SignSpelling Guidelines: Sample
Sutton at SIGNWRITING.ORG
Sat Nov 2 17:44:09 UTC 2002
November 2nd, 2002
Hello Everyone and Bill!
Just three more diagrams to go, and I am basically done with my "mini-lesson" on how I personally chose to order the spellings...Your question is great, Bill, and I am glad you are following it all...Let me ramble a bit with my answer to you...
First, there are people who write SignWriting with full stick figures - for example in Denmark they still do, and sometimes teachers who are teaching young Deaf children will add a full stick figure to help the student. But then, as time goes by, the Deaf adults who know SignWriting well drop all that detail - because they assume knowledge of the shoulders and arms - so that is why it is not written in the sign itself - but it could be...
Regarding the little symbol that I developed to represent the crossed arms in the spelling string - There are a bunch of "representative" symbols like that in SignBank...For example those little men showing location on the chest I showed a few days ago- those are just symbols and are not actually written in the signs themselves - Location is completely built into SignWriting and doesn't have to be an extra symbol when we are writing...So I added those location symbols for linguists doing spelling research. I thought maybe they would be useful for computer sorting, and Antonio Carlos then confirmed that - and yet from a Deaf child's point of view, it does look a little silly to have symbols in the spelling string that are not actually written on the page....hmmm....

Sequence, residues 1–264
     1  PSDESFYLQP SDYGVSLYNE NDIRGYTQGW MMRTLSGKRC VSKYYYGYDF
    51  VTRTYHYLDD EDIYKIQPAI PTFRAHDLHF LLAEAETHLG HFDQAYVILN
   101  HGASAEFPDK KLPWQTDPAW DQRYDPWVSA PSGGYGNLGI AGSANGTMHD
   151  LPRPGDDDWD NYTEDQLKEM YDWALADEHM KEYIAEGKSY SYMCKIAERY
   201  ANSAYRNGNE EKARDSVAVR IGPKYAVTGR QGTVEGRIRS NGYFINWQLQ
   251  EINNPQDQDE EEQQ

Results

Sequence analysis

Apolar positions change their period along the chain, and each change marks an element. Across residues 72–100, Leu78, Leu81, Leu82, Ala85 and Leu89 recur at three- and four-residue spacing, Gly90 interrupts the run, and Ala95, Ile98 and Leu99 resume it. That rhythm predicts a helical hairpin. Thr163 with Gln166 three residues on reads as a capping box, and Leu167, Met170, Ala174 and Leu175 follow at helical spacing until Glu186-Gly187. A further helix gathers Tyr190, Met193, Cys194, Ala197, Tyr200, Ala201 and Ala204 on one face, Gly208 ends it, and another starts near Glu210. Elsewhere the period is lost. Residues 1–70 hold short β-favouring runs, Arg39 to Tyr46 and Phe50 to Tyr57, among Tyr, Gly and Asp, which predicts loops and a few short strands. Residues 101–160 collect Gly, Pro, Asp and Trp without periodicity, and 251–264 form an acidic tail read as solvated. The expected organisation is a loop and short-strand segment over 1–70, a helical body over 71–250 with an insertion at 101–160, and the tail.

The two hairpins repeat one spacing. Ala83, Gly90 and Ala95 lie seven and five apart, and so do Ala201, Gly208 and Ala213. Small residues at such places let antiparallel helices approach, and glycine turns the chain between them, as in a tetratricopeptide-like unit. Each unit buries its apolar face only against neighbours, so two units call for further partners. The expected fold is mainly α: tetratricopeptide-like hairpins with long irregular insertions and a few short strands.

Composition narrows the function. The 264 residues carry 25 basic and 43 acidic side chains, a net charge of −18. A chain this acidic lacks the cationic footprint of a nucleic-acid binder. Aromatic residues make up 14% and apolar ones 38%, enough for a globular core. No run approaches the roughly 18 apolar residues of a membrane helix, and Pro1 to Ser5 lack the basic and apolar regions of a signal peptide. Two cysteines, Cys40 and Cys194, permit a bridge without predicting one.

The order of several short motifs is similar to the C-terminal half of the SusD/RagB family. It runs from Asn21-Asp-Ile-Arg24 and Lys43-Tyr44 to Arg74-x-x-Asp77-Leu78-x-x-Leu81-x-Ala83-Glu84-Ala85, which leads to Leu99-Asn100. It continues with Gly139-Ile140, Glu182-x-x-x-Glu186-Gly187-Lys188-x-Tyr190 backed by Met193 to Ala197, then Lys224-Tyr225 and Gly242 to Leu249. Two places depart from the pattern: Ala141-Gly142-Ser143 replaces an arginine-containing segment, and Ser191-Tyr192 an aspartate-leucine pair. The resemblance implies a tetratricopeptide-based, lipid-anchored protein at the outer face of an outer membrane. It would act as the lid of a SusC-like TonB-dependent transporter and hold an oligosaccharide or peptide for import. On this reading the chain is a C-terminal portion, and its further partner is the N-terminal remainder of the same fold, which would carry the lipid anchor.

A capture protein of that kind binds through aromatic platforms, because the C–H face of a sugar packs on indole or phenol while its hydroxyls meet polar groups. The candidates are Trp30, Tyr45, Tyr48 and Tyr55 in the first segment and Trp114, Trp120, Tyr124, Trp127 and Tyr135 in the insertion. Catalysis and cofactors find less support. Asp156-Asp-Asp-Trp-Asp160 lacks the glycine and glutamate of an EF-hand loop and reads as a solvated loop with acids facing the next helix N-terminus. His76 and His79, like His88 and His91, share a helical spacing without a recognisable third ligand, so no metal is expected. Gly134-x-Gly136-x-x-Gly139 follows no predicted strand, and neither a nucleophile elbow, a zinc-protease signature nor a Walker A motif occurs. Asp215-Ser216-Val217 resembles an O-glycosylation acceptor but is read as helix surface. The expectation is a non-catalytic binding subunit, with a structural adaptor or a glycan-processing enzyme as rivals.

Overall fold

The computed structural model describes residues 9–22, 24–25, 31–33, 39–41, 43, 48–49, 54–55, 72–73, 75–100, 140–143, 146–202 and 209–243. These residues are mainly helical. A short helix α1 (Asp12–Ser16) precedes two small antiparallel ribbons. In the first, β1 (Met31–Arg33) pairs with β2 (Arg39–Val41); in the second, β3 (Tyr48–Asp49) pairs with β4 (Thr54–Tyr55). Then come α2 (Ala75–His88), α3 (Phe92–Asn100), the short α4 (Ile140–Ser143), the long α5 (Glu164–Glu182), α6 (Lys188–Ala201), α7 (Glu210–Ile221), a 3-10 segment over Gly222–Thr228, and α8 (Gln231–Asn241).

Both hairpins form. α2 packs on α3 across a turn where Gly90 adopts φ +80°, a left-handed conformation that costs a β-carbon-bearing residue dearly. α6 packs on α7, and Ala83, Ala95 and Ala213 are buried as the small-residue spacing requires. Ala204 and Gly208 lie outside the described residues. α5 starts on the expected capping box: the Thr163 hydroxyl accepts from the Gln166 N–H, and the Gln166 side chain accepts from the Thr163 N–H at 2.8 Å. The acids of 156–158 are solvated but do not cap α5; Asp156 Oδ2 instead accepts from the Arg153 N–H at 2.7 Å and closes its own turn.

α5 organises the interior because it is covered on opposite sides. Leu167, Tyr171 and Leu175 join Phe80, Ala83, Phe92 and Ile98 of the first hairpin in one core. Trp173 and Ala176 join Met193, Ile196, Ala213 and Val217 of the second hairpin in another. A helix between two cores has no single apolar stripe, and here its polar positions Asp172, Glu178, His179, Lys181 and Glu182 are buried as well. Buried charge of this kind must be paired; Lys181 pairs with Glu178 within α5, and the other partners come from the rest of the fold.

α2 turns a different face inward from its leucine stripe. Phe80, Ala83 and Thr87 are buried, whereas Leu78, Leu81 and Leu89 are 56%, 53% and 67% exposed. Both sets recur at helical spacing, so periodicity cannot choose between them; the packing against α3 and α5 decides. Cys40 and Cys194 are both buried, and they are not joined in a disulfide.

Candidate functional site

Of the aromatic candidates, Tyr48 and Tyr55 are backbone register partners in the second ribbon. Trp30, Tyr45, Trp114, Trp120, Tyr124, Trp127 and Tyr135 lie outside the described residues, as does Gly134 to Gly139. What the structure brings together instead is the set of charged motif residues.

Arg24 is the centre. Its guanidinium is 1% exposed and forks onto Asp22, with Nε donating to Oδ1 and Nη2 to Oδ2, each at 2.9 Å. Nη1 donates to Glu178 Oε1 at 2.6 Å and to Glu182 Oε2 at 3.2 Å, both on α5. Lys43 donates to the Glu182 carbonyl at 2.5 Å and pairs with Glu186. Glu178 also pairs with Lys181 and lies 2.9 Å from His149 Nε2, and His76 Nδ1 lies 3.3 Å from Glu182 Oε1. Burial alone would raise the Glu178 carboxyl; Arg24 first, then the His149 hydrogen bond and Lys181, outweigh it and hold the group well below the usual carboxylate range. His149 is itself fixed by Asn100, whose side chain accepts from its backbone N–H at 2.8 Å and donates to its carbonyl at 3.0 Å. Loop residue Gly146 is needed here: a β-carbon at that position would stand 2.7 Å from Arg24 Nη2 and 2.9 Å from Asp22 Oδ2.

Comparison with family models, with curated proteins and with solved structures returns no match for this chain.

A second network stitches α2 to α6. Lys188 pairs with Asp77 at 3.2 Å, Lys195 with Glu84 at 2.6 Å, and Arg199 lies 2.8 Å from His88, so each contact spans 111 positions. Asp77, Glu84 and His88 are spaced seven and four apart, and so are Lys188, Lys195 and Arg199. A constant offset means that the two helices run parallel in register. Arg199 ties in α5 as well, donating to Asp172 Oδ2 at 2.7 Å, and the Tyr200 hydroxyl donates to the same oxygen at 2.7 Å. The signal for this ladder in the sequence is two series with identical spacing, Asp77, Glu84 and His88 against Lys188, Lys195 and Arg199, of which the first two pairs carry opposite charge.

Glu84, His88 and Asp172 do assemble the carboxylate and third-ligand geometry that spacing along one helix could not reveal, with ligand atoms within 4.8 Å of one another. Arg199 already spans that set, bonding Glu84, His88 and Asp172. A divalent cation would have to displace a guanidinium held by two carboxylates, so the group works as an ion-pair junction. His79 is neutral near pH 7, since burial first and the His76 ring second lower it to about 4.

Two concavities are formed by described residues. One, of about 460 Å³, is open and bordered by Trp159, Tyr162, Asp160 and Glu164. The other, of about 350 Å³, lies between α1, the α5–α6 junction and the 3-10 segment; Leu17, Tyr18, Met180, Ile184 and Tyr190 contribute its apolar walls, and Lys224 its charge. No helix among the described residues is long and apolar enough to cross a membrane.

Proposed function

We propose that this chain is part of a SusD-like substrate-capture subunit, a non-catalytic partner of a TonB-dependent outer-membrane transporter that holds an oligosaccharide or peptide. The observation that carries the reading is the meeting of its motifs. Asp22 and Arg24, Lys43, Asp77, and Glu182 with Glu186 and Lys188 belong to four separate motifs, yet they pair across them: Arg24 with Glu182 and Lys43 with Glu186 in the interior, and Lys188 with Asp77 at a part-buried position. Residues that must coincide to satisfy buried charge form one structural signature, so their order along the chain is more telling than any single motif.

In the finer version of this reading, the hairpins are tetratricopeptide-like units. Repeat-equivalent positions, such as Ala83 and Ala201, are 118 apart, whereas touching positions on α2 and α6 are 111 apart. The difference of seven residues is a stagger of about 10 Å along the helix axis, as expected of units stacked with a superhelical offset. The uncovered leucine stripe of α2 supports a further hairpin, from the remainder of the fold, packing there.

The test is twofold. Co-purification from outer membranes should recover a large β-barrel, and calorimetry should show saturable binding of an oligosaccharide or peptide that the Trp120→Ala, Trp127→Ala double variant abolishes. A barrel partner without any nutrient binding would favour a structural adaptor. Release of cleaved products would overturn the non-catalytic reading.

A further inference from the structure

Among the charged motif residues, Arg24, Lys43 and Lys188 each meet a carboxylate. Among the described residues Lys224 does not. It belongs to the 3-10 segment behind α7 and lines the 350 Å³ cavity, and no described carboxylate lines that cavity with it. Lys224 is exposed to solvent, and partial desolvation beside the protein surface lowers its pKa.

So the little representative symbol for crossed arms is just that - a symbol, and is not actually written...
I could change those representative symbols to just plain lines for the arms and make them look exactly like the arms in the written sign...I believe you are saying you prefer that? That is fine. I could add that choice for the editors so they can choose either representative symbol...thanks for that feedback ;-)
Regarding spoken language spelling - I cannot answer your question - Except to tell you that I suspect the simpler we can make these SignSpellings, the better it will be for Deaf children and some of that information may not be necessary at all - So we are erring on the side of too much detail, and then we can simplify it down later - I would like to test this with Deaf Children...Meanwhile, linguistic researchers have a tool they can use too.
Bill Reese wrote:
>Val, I find these SignSpelling examples to be very interesting and am
>studying them all. I have a question about this example, "daughter".
>In the column showing the parts of the sign, you have an arm position,
>that very clearly shows how the arms should be positioned. However, the
>sign itself does not include all of the information shown. Instead, it
>seems to be "understood" that the shoulder and forearm lines are not
>shown. For a beginner in signspelling how is a student to know this and
>is there a parallel with spoken languages?
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